Hey Guys! Just wanted to say ‘Thank You” for all you do. I have been listening to your show for years and you have inspired me to start a new path in life! I am in my first class at Trinity for (Certified Natural Health Professional). you guys are amazing I love listening to your show and try to listen live whenever I can.Have a good day! Tanya
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Hour 2 – Outside The Box With Ty Bollinger!
It’s time to go Outside The Box again with Ty Bollinger! What will we be talking about today?
Biden HIV/AIDS strategy calls racism ‘public health threat’ The Biden administration in its new HIV/AIDS strategy calls racism “a public health threat” that must be fully recognized as the world looks to end the epidemic. The strategy released Wednesday on the annual commemoration of World AIDS Day is meant to serve as a framework for how the administration intends to shape its policies, research, programs and planning over the next three years. The new strategy asserts that over generations “structural inequities have resulted in racial and ethnic health disparities that are severe, far-reaching, and unacceptable.” New HIV infections in the U.S. fell about 8% from 2015 to 2019, but Black and Latino communities — particularly gay and bisexual men within those groups — continue to be disproportionately affected, according to Centers for Disease Control and Prevention data. African Americans make up about 13% of the U.S. population but accounted for more than 40% of new infections. The Latino population accounted for nearly 25% of new infections but makes up about 18.5% of the U.S. population.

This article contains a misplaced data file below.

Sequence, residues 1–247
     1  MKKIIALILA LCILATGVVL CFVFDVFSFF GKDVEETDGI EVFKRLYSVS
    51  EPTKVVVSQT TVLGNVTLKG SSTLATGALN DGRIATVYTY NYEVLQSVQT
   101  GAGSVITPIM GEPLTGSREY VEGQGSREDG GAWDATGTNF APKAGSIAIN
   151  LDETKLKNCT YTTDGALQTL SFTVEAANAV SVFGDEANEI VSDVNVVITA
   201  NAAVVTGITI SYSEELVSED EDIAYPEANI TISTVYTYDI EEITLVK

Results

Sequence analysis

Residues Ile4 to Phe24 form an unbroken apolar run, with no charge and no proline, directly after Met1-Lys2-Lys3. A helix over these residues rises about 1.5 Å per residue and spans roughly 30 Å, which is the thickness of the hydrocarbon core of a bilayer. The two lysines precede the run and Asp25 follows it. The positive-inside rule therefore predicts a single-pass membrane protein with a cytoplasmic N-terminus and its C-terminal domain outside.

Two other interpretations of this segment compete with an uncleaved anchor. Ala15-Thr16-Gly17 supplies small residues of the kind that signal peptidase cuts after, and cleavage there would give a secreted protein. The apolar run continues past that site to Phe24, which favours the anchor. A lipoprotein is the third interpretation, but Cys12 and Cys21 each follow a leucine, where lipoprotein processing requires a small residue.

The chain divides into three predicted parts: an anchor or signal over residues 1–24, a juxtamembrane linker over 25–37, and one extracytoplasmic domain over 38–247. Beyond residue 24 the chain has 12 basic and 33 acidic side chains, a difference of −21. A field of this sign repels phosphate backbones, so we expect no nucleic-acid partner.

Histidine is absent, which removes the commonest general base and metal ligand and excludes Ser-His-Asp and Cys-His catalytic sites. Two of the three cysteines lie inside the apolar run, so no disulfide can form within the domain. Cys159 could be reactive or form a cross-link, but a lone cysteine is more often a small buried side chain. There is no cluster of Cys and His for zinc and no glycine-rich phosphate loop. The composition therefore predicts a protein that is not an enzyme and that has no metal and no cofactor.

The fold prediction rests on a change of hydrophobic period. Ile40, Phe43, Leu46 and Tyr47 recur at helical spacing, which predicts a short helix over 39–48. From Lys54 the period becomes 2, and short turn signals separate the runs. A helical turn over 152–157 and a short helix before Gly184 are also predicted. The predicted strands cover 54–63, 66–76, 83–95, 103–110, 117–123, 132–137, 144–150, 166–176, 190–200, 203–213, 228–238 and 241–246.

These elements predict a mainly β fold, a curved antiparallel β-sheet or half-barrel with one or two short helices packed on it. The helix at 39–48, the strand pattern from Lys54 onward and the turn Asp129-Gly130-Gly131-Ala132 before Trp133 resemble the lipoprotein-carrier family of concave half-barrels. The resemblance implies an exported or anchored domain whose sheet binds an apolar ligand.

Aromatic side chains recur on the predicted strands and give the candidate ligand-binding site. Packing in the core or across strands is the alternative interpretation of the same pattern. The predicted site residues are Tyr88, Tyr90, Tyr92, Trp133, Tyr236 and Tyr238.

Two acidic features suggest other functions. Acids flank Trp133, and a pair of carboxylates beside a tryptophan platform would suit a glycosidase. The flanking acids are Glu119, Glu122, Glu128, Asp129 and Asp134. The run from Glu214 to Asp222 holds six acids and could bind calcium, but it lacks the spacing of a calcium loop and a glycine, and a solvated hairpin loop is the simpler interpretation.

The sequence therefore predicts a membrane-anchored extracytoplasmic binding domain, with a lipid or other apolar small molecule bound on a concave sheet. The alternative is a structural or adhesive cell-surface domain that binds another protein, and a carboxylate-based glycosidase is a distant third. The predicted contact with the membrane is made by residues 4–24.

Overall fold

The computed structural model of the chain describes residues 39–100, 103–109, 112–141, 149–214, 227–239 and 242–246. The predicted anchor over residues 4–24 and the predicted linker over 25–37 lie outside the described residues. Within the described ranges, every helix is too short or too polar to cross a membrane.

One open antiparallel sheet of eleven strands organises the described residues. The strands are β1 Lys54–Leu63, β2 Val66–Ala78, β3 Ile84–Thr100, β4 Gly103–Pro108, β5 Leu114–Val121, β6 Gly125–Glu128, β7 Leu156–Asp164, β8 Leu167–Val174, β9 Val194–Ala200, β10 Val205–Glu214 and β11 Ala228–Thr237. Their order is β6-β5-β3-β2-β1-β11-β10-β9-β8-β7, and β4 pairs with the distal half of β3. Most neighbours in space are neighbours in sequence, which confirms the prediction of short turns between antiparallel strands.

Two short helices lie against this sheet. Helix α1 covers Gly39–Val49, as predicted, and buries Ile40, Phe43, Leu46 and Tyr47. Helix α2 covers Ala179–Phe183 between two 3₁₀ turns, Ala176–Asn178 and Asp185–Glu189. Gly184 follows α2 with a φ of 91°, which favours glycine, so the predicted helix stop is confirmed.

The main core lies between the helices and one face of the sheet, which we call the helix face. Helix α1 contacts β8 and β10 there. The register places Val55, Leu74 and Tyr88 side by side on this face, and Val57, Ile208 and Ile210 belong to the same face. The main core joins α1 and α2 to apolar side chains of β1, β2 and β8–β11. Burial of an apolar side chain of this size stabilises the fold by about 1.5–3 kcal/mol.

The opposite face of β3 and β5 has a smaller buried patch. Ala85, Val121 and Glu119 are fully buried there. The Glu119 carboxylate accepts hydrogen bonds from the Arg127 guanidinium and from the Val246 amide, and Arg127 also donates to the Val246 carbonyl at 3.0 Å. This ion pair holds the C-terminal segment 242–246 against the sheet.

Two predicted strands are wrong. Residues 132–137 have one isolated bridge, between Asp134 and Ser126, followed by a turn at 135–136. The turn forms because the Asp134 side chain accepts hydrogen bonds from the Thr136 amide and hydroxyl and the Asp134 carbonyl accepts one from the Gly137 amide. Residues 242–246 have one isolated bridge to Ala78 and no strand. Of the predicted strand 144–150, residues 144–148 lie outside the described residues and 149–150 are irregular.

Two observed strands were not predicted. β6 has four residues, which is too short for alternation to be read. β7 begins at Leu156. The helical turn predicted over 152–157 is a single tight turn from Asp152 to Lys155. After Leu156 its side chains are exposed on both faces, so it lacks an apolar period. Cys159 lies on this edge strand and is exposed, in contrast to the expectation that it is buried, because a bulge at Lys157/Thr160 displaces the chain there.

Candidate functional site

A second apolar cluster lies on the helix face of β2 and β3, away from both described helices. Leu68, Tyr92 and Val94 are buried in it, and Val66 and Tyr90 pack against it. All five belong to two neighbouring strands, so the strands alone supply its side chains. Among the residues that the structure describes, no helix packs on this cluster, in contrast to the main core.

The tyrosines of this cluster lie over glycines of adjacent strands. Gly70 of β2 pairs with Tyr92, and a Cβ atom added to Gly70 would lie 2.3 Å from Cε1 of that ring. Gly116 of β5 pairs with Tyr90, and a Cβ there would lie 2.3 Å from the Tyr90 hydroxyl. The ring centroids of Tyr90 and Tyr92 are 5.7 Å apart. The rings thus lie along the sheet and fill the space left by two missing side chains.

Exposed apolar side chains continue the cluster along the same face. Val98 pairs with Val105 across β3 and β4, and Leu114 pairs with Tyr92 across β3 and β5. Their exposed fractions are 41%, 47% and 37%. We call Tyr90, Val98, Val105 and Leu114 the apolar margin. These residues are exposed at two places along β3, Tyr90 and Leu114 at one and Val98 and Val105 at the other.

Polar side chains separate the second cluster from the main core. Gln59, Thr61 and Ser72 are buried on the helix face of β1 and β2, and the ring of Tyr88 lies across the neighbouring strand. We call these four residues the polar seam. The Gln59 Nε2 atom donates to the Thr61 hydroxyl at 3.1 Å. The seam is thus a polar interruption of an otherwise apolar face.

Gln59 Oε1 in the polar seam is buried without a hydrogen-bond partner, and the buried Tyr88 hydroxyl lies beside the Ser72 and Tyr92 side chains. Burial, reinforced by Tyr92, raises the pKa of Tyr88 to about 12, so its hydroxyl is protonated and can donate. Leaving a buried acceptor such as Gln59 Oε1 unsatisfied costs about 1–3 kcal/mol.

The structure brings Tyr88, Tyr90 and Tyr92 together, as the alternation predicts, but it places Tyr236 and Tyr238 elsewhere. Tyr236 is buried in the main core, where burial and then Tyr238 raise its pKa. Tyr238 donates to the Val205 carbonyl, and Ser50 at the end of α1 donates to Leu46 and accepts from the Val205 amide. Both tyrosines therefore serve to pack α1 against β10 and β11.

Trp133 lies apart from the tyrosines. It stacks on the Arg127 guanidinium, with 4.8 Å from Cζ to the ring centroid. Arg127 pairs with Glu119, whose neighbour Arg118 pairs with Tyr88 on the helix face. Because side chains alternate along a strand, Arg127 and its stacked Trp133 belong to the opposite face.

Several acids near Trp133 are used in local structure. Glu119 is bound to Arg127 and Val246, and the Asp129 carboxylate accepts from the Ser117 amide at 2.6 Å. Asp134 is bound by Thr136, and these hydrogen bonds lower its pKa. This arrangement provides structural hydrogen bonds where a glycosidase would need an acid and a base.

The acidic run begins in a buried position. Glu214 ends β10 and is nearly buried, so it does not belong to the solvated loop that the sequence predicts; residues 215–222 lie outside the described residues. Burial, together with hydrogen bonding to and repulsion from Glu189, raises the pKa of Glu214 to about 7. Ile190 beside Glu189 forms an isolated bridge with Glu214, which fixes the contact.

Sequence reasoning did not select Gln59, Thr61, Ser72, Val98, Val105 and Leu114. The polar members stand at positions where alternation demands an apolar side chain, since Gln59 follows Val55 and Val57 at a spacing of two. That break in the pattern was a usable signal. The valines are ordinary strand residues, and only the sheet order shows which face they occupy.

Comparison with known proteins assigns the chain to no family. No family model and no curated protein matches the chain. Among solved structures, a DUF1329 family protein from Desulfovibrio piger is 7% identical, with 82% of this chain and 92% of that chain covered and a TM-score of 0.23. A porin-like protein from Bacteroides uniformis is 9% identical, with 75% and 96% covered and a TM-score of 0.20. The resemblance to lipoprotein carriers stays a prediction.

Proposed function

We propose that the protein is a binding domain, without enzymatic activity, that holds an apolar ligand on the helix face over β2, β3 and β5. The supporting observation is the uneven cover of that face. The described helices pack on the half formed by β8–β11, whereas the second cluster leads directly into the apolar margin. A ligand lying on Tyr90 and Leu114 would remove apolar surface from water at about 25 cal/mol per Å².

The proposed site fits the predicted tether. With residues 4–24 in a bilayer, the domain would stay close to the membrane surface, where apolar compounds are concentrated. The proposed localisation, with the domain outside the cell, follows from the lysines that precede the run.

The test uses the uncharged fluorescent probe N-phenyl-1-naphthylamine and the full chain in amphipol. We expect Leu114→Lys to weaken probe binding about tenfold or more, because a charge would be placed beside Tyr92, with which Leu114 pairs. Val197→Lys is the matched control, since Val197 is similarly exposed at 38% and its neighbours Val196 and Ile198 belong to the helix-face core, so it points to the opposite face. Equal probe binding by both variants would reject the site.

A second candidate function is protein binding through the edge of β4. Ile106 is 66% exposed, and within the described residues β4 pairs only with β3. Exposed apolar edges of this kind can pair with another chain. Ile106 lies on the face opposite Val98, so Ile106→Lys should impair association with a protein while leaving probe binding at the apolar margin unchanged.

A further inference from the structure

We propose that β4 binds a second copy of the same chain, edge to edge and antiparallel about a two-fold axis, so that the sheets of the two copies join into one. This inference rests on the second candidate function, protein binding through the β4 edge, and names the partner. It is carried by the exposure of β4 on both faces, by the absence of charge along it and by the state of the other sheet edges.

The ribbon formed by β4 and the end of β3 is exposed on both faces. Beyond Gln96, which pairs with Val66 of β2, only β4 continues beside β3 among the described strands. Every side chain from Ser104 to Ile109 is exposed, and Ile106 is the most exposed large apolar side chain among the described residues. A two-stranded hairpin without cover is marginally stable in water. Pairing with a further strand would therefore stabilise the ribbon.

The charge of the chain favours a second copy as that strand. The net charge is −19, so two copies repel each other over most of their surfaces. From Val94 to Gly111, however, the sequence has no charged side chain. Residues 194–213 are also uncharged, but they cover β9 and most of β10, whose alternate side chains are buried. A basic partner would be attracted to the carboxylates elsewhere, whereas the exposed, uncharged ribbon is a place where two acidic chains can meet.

Federal Judge Rejects DOD Claim That Pfizer EUA and Comirnaty Vaccines Are ‘Interchangeable’ A federal district court judge has rejected a claim by the U.S. Department of Defense (DOD) that the Pfizer-BioNTech COVID-19 vaccine being administered under Emergency Use Authorization is interchangeable with Pfizer’s Comirnaty vaccine, which in August was fully licensed by the U.S. Food and Drug Administration (FDA). In an order issued Nov. 12 in Doe et al. v. Austin, U.S. Federal District Judge Allen Winsor of the U.S. District Court for the Northern District of Florida denied a preliminary injunction requested by 16 service members against the U.S. Military’s COVID vaccine mandate. A hearing is scheduled for Sept. 14, 2022. However, the judge’s acknowledgment that “the DOD cannot mandate vaccines that only have an EUA” is significant for two reasons. One reason pertains to the difference in ingredients and manufacturing process between Pfizer’s EUA vaccine and the approved Comirnaty vaccine, and the other pertains to the legal difference between a fully licensed vaccine and an EUA vaccine. The latter reason would apply not just to the Pfizer-BioNTech vaccine, but also to the vaccines produced by Moderna and Johnson & Johnson (Janssen), both of which are authorized only as EUA products.